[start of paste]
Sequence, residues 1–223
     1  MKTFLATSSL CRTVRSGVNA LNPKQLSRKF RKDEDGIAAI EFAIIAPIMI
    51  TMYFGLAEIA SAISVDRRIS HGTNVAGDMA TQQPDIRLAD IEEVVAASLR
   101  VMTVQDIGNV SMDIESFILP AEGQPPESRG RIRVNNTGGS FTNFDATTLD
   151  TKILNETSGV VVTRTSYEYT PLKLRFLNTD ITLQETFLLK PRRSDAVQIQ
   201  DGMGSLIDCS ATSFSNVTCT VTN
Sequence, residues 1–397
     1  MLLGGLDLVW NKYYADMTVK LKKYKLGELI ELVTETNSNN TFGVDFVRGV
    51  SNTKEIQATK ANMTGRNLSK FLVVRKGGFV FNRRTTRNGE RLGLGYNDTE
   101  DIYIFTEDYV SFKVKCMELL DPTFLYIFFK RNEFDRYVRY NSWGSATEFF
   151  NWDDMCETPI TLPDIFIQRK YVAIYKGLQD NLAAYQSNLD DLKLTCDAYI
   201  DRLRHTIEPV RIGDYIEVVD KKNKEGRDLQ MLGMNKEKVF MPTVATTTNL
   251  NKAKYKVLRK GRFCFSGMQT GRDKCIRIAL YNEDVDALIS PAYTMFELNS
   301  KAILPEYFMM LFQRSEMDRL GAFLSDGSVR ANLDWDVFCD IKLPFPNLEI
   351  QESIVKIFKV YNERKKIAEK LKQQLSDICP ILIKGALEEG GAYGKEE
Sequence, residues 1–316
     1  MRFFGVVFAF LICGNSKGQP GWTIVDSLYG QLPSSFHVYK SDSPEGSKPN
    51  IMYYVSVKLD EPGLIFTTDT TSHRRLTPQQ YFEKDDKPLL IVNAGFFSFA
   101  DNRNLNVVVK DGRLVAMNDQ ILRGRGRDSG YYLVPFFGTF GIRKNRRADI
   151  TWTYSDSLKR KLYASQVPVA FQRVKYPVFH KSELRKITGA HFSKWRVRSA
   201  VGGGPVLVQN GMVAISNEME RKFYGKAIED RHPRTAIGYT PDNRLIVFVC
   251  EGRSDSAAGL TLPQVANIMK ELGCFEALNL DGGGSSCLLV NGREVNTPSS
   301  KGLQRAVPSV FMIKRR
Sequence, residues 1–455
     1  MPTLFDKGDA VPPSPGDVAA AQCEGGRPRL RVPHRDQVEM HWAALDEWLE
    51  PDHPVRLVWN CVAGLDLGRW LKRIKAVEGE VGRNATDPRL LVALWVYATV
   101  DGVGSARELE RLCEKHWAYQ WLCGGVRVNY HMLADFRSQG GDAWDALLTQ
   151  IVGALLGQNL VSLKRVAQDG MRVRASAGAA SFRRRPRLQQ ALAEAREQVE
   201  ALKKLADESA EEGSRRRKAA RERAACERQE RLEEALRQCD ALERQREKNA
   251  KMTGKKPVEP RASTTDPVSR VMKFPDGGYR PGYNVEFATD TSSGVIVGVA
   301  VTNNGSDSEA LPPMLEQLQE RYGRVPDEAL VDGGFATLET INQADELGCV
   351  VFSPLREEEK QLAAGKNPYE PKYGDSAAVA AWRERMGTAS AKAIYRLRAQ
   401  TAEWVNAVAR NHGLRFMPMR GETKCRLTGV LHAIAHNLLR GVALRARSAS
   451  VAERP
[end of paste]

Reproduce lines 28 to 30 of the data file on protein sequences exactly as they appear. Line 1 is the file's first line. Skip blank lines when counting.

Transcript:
   151  IVGALLGQNL VSLKRVAQDG MRVRASAGAA SFRRRPRLQQ ALAEAREQVE
   201  ALKKLADESA EEGSRRRKAA RERAACERQE RLEEALRQCD ALERQREKNA
   251  KMTGKKPVEP RASTTDPVSR VMKFPDGGYR PGYNVEFATD TSSGVIVGVA